This is a post for mom’s of girls. It might get gross, I will try to refrain from gross pictures, but it can also be for those single dads out there of little girls (btw, total props to you for being a single dad!!)
We all know, I have a beautiful daughter, Charity.
Anyways, before I get into the nitty gritty, I am going to give a little background.
I grew up, until I was 12 or 13 with just my dad and older brother. 5 to 6 years, really. It was awesome. Sort of. We always hung out with my uncle and male cousin, also. My aunt would also be around, but she worked 4(?) nights a week so it was just me and a bunch of dudes for the most part. Yes, I am sometimes more like a guy, but I do have a girly side.
What does this have to do with my daughter? Good question. My mom, during this time and throughout my teenage years wasn’t really around and was, kinda sucky. So, my grandma (with dad’s permission) bought me my first bra. I was in need of it. I didn’t have someone around all the time to ask how to use a curling iron, what make up was best for my skin tone/eyes/etc., and I sure as hell didn’t get the talk. Sure, we had Human Growth and Development, but there really wasn’t a mom around to tell me what to do or what was going on. After all, my dad was a guy. I am ok with all this, my dad was a wonderful father and he tried the best he could. He got married when I was 14.
So, now I have a little girl, on the verge of turning 11. She has been wearing a bra since her baby fat decided it was going to start sticking on her chest, much to the protest of my amazing husband. I also remember going bra shopping with my aunt L (different aunt from mentioned above) so I at least know how to take her shopping for bras.
Here was the kicker: Charity got her period when she was 8. Your eyes are not deceiving you, 8 years old. So, I was stumped. I needed to explain to my daughter what was going on with her. She was young and scared. So was I.
When I started my period, I was 14. A late bloomer in my house of 3 step sisters. I started on Christmas Eve. Everyone from my extended family was over. I knew the gist of what to do, after all, I learned at school. Nobody explained to me that my period would be different from everyone in my house. Since we weren’t blood relatives, nobody knew I would get cramps that would shoot down both my legs. Even the school didn’t prepare me for that. Nobody talked to me.
Except when Charity started so early and had to get the quick run down of you are not dying, this is normal she didn’t have the benefit of the school having taught her something. She was clueless and I was helpless to explain, since nobody explained it to me.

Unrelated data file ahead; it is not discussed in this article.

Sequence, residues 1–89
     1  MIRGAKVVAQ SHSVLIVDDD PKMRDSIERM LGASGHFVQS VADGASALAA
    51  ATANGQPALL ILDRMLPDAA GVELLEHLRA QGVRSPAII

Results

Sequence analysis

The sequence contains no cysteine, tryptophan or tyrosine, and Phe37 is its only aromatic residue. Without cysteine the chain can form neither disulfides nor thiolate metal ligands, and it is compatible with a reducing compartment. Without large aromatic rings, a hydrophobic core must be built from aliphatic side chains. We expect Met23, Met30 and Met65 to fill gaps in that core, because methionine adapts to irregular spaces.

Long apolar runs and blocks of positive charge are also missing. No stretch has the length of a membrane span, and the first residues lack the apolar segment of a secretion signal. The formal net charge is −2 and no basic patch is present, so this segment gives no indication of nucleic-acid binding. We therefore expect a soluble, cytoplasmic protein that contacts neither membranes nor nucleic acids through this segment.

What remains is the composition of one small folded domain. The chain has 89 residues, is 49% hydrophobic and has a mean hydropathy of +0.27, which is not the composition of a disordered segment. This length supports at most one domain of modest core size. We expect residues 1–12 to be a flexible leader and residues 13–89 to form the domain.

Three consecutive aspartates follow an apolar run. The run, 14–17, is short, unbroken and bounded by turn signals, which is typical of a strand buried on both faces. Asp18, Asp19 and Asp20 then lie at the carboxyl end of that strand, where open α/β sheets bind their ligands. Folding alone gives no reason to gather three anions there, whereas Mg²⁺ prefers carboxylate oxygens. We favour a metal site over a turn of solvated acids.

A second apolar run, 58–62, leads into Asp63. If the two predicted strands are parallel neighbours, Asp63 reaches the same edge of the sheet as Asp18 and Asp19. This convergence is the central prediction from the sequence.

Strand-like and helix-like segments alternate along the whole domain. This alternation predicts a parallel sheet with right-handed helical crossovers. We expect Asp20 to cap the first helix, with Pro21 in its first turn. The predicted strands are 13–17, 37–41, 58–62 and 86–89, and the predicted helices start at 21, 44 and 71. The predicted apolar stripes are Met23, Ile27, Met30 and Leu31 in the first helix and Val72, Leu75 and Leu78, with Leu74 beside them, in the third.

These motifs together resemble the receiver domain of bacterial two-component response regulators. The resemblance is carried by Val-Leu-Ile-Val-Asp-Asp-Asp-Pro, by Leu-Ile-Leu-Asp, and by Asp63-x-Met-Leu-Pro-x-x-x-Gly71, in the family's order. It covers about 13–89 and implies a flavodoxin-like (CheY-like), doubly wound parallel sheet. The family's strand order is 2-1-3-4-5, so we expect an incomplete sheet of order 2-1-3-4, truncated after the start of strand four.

I did what anyone would do: Google & call on my BFF who had a mom around and could help me. BFF and I have known each other almost 16 years now, and she was an honorary aunt. She was familiar and comfortable. We sat Charity down and explained cramps, showed her pictures of her innards (nicely drawn ones that look like drawn shark’s brains). She got the gist of it and has asked many questions. She was still young to understand things on her own, but I had to figure out a way to explain these changes, besides telling her she needed to wear a bra every single day.
We still have moments. Her cramps are just as bad as mine. She just got a jump start. She laughs when they have the girls separated from the boys to be shown videos and handed a panty liner. She thinks they are funny and wonders what the heck kind of use it is going to bring to her. She acts like its old hat, because her mom explained it all to her a few years ago.
Open and honest communication are key. I knew that I was unprepared for the barrage of questions getting ready to be rapid fired at me by an 8 year old, so I called out for help. I was never given the same open talks I have with her. Besides running to the store to buy small enough pads for a small body, they do make tween sizes, and some chocolate, I was almost clueless on how to have that conversation with my daughter.
I am thankful for my dad doing the best he could, but I am truly grateful for having a best friend who understood I was clueless on how to go about explaining this difficult time to my daughter. There is one thing I will not be doing: handing her a tampon and hoping she figures it out (it happened to me when I was 14, by my mom). Despite the fact that my daughter is completely independent and this age, she still needs her mom to explain some things. I am just glad I am here to help her navigate.